se16teddy

    Senior Member
    English - England
    We very frequently use with with would and could to specify a condition. I could do a lot with a thousand pounds almost invariably means If I had a thousand pounds I would be able to do a lot and practically never means When I had a thousand pounds I was able to do a lot. I am not sure whether the "strong tendency" I referred to in #3 goes any wider than this.
     
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    Englishmypassion

    Senior Member
    India - Hindi
    We very frequently use with with could to specify a condition. I could do a lot with a thousand pounds almost invariably means If I had a thousand pounds I would be able to do a lot and practically never means When I had a thousand pounds I was able to do a lot. I am not sure whether the "strong tendency" I referred to in #2 goes any wider than this.
    Thanks. But the key phrase in my post was "in that context".
    I agree with your interpretation of your sentence, though.
     

    PaulQ

    Banned
    UK
    English - England
    Note how "When I was younger I could stay up all night and not get tired." has the condition of being younger. It so happens that a lot of references take place in the past and this is what gives rise to the idea of "tense".
     

    se16teddy

    Senior Member
    English - England
    the newest smartphone from Huawei Technologies was meant to show Americans what China could do with technology.
    But it seems to be more likely to suggest unpredictability (greater unpredictability than that suggested by "can") than conditionality in that context - - we do know the phone was launched.
    Could is conditional here and the underlying structure is a type 2 conditional.
    Could is used instead of would to indicate that there is a wide range of possibilities (unpredictability).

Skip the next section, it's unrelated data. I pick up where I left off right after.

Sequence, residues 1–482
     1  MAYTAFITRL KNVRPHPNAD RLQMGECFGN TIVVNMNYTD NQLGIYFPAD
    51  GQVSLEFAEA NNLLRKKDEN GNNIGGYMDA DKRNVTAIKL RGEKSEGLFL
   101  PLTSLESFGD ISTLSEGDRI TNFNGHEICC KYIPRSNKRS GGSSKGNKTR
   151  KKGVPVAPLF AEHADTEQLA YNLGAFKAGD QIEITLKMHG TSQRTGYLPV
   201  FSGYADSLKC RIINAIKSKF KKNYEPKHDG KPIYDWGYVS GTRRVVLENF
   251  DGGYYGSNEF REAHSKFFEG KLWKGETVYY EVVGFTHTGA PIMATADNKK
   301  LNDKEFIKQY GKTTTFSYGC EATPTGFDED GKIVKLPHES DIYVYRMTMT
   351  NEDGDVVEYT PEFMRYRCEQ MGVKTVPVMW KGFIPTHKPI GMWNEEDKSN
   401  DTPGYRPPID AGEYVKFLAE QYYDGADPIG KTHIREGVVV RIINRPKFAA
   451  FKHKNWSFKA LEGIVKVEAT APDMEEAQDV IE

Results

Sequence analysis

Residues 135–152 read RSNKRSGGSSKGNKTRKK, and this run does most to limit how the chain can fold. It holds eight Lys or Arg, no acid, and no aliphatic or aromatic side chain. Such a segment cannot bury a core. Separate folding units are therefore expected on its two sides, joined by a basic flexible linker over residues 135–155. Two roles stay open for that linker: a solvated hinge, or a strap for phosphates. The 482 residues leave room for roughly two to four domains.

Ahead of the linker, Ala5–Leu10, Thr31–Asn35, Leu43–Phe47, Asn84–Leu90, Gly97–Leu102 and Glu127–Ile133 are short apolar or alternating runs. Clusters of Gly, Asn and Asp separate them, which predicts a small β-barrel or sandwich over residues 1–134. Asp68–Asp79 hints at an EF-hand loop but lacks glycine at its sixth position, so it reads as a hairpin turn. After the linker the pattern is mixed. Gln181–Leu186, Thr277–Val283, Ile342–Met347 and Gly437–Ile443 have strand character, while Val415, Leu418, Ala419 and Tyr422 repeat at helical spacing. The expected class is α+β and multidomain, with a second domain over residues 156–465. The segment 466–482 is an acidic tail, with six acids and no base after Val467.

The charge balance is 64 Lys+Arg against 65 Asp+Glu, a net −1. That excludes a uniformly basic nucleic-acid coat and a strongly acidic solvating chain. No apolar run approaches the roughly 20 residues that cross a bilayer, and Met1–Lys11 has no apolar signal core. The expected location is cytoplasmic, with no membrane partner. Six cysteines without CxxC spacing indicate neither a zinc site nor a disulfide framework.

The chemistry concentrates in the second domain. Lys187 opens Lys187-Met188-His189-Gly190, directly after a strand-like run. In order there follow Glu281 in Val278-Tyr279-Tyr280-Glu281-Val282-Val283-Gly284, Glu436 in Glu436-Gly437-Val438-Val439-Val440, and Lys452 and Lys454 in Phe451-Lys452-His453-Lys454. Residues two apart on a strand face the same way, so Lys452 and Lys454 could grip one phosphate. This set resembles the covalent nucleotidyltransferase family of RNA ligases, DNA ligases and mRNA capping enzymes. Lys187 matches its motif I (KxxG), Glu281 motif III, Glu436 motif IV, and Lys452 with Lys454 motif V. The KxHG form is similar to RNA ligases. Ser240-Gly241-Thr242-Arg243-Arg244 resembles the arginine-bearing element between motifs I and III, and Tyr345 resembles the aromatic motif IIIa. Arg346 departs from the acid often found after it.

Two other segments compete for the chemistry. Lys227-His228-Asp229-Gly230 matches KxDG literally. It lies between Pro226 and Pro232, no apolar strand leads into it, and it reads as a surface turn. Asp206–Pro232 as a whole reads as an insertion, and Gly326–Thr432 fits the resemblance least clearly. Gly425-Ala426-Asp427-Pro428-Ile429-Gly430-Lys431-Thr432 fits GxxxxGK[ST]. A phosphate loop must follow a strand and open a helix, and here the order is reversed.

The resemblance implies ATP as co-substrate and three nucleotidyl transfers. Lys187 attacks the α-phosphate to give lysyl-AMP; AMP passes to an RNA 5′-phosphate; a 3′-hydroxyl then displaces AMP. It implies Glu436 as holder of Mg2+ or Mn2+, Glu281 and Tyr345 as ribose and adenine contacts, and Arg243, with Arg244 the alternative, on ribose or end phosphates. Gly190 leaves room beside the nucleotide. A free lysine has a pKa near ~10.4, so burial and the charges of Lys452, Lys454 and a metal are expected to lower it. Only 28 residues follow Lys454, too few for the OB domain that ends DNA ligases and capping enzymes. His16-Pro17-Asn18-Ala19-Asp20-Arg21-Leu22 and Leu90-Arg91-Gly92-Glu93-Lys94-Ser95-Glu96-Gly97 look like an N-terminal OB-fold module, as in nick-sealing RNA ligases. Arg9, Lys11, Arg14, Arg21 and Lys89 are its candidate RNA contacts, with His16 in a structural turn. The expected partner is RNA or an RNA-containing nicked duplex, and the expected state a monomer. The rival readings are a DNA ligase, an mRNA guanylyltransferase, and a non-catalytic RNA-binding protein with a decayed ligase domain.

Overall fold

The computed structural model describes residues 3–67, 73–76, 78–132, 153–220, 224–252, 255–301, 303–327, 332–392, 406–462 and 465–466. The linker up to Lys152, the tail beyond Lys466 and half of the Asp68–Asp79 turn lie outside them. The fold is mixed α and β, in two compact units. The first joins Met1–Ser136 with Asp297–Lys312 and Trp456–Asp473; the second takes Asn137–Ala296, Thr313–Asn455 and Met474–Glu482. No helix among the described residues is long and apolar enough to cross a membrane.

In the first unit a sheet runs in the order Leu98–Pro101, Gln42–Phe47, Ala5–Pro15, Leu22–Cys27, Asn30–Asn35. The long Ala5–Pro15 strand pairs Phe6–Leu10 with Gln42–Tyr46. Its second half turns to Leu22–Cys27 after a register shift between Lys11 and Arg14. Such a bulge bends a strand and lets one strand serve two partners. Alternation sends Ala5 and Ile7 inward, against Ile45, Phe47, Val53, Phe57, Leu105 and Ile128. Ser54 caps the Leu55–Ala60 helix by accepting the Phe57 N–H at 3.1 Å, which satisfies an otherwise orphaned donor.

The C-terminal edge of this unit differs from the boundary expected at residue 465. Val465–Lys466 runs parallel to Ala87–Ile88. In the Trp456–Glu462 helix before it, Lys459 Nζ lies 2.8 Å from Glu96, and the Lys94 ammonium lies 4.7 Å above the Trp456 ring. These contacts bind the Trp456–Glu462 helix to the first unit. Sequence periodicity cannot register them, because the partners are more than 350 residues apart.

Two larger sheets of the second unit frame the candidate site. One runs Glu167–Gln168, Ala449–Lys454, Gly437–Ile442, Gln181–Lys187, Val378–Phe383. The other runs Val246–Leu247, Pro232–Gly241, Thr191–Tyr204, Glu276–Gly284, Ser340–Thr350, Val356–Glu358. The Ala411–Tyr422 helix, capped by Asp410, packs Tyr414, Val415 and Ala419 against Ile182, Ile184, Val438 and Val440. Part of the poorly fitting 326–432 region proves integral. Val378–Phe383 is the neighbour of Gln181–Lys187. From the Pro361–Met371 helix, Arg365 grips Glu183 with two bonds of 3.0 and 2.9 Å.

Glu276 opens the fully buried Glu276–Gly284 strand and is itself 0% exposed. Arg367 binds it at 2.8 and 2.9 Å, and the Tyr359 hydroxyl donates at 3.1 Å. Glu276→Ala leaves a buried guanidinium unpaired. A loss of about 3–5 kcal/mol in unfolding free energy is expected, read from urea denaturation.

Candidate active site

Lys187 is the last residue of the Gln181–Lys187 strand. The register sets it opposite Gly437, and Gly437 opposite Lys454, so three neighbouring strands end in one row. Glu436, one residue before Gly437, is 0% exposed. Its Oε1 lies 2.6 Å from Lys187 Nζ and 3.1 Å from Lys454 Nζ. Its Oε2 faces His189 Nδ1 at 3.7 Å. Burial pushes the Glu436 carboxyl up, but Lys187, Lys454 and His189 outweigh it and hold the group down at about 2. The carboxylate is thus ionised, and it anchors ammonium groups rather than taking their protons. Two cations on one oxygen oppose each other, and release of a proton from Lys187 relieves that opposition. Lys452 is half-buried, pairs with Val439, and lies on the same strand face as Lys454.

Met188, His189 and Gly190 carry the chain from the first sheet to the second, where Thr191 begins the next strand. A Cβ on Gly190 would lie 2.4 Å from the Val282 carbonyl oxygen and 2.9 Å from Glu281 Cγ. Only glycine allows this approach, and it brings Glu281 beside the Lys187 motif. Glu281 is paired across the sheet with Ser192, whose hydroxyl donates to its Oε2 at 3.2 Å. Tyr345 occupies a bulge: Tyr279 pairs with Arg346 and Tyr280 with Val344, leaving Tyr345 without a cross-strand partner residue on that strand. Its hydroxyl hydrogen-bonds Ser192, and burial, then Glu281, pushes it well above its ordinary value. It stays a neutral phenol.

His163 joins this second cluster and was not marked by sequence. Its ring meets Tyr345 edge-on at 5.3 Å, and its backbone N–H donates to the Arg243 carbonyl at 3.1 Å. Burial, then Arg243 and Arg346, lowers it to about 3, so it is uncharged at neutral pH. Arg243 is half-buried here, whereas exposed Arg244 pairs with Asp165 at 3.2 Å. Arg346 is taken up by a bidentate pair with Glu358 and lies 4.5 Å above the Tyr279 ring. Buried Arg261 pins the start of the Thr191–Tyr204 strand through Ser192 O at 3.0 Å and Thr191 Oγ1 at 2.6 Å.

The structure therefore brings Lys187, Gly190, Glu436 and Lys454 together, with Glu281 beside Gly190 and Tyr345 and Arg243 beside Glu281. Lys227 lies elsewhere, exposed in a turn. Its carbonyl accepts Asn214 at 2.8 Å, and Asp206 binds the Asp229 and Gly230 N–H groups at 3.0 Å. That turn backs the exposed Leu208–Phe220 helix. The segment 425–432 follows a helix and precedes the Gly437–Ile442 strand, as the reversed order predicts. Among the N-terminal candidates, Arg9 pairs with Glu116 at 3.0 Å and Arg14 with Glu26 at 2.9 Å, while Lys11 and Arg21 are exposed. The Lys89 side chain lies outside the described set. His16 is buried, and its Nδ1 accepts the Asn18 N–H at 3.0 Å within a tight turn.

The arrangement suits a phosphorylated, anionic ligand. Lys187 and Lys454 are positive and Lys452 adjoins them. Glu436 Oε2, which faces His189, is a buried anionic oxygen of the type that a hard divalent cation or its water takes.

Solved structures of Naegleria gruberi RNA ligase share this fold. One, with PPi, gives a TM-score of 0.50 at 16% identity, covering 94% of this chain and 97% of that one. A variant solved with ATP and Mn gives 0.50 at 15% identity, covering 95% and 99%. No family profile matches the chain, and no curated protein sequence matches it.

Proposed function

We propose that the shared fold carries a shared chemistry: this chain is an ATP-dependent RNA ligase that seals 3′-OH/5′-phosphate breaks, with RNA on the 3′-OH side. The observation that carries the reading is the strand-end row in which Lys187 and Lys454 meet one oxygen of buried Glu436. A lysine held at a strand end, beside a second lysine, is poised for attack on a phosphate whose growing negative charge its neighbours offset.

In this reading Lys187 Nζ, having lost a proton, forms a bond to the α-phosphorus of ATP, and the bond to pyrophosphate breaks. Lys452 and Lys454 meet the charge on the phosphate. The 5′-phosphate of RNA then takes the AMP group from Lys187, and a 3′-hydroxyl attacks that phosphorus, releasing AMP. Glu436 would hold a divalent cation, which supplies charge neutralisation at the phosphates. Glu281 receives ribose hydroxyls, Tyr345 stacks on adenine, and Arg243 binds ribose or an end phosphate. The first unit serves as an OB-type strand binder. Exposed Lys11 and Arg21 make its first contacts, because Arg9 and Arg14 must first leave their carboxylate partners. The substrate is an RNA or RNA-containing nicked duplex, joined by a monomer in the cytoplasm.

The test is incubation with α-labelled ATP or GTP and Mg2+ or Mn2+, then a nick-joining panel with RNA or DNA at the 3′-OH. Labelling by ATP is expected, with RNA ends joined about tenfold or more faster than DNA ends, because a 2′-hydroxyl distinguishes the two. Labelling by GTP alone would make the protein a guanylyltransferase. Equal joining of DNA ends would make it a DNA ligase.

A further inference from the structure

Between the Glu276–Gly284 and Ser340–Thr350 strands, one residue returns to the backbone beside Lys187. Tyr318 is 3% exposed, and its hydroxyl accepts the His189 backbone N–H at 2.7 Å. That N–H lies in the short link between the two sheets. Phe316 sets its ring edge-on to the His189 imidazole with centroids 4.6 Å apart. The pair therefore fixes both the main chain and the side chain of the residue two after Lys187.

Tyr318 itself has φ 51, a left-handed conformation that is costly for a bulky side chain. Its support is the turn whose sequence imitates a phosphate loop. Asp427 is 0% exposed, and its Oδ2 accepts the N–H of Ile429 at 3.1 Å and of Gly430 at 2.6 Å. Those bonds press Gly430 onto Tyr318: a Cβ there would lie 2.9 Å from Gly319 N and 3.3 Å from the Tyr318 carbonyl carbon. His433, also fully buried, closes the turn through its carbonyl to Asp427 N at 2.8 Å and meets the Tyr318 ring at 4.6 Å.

Englishmypassion

    Senior Member
    India - Hindi
    Could is conditional here and the underlying structure is a type 2 conditional.
    Could is used instead of would to indicate that there is a wide range of possibilities (unpredictability).
    Hmm, we seem to be on the same page. I agree with your point about a wide range of possibilities (unpredictability) - - it was the highlighted part below that I disagreed with (because of the context).

    what China could do with technology if it had any.
    I think the conditionality there is about other things rather than having technology. For example, what China could do with technology if it wanted to/in different situations.
     
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    se16teddy

    Senior Member
    English - England
    When I was younger I could jump that wall. (conditional past).
    I don't read this as conditional. I classify as deontic past tense.
    Present: I am young so I can jump the wall.
    Past: When I was younger I could jump the wall.

    Not to be confused with the epistemic past tense. In epistemic senses, the can/could distinction expresses degree of certainty, not tense.
    Present: That can't/could be true.
    Past: That can't/could have been true.
     

    PaulQ

    Banned
    UK
    English - England
    I take your point but there is the problem with tenses and modals - they can be stretched but if you want a past tense, I would go with When I was younger I was able to jump the wall.